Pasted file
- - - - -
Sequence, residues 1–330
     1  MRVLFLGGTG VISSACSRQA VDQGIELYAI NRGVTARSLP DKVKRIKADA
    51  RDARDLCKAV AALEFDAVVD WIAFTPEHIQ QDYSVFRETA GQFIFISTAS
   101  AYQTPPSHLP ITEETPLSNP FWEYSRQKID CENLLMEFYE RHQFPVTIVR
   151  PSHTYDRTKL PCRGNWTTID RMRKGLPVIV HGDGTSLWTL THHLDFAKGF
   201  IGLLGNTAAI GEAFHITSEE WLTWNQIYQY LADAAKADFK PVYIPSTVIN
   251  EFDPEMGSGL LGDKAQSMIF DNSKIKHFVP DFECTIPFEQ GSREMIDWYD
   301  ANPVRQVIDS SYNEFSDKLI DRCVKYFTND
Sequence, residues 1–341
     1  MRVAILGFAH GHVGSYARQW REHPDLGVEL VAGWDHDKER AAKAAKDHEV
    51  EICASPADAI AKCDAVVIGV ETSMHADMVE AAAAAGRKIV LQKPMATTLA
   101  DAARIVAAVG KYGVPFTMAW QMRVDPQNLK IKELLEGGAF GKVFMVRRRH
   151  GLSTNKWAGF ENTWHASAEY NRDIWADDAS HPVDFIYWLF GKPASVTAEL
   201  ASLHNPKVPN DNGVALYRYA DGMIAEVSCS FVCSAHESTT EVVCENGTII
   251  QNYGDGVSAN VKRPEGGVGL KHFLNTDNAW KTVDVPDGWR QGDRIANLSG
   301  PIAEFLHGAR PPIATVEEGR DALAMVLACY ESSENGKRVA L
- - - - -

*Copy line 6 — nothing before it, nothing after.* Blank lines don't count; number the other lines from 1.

   201  IGLLGNTAAI GEAFHITSEE WLTWNQIYQY LADAAKADFK PVYIPSTVIN